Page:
Dance lessons and social inclusion

I’m fascinated by therapeutic techniques. Walking therapy, writing therapy, gardening therapy, baking therapy, dance therapy, music therapy…All of them have helped me survive and thrive all these years while caregiving for different people. Dance and music are making me realize that singlehood can be a fun, empowering time. Contrary to all the predominantly depressing stereotypes I’ve read about women in mid-life, dancing and playing music has helped me to stay focused, positive, and thrive.

Hard to imagine, but being single is an art and solitude can be a blessing. It certainly frees me up to have more time for myself and reflect on human nature. It sounds selfish. It took me a long time to get here. Even my son screams at me for being an “over-reliable mother” and tells me that I need to do more “self-care” and ease up on the collective care, building communities of action. But mid-life is rewiring my brain: it is forcing me to think about me and not “others”. As a Filipina, for most of my life, I have been other-focused. I was raised not to be selfish and “bourgeoise” (whatever that means) and go overboard with the caregiving.

When I did my Ph.D. oral dissertation exam, one of my advisors commented: “Why on earth are you wasting your youth? Why don’t you do research on dance instead? You’re in your twenties! But instead of having fun, you choose to go to a strongly Islamic province where they will undoubtedly force you to pray five times a day, wear the veil, not drink any alcohol, and on top of it — there is an armed conflict in a region of special military operations. Youth is wasted on the young. If I were you, I’d go to Bali and do research on Balinese dance instead.”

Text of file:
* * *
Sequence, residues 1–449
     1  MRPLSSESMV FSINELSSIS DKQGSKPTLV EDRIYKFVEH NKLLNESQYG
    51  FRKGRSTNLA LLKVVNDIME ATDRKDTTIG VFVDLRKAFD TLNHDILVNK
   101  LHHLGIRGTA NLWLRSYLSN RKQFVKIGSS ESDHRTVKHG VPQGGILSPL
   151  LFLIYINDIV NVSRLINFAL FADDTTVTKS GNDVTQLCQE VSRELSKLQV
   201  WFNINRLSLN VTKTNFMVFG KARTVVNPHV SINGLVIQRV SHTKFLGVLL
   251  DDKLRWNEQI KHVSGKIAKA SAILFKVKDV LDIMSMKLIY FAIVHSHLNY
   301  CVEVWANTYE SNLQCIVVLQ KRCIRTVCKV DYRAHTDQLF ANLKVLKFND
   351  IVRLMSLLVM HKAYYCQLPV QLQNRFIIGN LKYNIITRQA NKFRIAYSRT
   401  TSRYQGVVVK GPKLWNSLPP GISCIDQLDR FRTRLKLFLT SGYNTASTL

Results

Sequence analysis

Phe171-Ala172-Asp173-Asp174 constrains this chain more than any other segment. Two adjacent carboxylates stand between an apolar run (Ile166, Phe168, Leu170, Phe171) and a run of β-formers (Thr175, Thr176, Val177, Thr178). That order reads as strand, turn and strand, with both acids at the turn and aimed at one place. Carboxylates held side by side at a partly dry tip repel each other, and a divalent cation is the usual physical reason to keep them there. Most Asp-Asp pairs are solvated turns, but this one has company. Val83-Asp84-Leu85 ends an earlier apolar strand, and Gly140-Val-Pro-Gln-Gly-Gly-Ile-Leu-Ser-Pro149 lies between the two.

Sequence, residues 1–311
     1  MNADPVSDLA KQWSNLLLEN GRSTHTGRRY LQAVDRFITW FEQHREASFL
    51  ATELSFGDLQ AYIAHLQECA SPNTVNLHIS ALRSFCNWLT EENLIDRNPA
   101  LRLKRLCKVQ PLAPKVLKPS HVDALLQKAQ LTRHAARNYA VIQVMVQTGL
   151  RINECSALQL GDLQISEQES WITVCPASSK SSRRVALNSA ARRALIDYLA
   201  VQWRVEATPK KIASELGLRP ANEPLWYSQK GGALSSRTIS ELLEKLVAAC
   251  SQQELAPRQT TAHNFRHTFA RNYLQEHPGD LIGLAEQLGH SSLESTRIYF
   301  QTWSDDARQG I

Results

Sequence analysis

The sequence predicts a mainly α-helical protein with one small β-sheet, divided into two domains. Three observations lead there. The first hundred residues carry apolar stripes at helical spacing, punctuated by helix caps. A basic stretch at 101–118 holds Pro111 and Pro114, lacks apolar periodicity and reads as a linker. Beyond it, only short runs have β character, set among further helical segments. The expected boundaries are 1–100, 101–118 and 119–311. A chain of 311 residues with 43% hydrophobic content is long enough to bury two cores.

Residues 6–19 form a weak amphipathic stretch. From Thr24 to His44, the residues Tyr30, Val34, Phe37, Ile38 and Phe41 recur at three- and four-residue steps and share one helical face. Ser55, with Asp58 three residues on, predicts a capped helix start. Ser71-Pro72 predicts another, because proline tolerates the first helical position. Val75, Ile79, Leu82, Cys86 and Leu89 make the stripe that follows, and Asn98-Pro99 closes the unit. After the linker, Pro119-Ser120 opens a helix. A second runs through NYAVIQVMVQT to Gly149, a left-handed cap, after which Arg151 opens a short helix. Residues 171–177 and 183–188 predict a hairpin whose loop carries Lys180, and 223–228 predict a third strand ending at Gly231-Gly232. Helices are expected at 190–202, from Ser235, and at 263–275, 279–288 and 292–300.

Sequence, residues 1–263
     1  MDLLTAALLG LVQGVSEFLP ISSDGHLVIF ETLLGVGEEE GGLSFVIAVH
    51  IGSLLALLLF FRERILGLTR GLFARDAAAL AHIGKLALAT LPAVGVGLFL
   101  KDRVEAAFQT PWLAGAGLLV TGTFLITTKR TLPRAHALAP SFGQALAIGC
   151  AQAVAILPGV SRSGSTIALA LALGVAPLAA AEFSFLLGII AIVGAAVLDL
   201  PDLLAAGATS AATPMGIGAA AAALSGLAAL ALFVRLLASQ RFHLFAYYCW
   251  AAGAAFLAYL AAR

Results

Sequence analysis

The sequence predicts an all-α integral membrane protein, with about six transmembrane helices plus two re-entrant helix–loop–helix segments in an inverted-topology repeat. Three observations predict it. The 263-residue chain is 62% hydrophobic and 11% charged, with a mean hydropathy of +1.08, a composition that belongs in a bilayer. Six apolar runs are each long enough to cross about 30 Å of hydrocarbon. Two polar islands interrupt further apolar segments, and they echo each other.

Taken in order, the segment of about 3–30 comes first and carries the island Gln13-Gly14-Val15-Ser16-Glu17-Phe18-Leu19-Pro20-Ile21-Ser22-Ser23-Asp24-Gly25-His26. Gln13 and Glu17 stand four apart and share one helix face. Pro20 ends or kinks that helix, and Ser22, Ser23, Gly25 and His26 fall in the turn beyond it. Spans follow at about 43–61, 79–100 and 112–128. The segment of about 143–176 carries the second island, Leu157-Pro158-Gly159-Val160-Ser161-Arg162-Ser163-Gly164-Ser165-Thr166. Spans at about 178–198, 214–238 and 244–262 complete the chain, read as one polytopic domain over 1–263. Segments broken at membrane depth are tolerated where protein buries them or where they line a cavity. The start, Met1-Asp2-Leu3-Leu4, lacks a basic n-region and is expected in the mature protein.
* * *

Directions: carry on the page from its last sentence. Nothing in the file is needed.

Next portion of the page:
Twenty-seven years ago, I thought she was trying to derail me. The other four advisors didn’t agree with her. But now, I am finally following her advice. I signed-up for my first ballet class and invested on my first ballet shoes. Having been told by my doctor that I need to exercise more if I want to keep my cholesterol down, I took up dance as a hobby. So besides ballet, I signed-up for ballroom dancing and Bollywood dancing. This was all before Covid-19 and protests.

What I learned from Giavanna, my patient ballet teacher, is that I have really bad posture. I tend to stoop, like a hunchback. Most of our exercises were about standing tall, head high, balancing, and strengthening my back and shoulder muscles. I never paid attention to my toes before, but in ballet, we spend a lot of time articulating our toes and balancing, while not forgetting to breathe. This is one of the things that I tend to forget: breathe!

Ballroom dancing is painful, but like the other five to seven (it varied) single women in a group of 45 to 50, 99% of the group being male-female heteronormative couples, I tried to learn something new. The first class on waltz was fascinating as it dawned on us single women that perhaps we were in the wrong class? Hello? The ad said: “Just come, no need for a partner.” But when I got there, it was mostly heterosexual married couples clinging to each other for dear life, afraid that their man would be seduced by one of the single women. When the Instructor tried to tell them to un-couple and mix and mingle, they refused. How do we dance our differences, our social exclusion?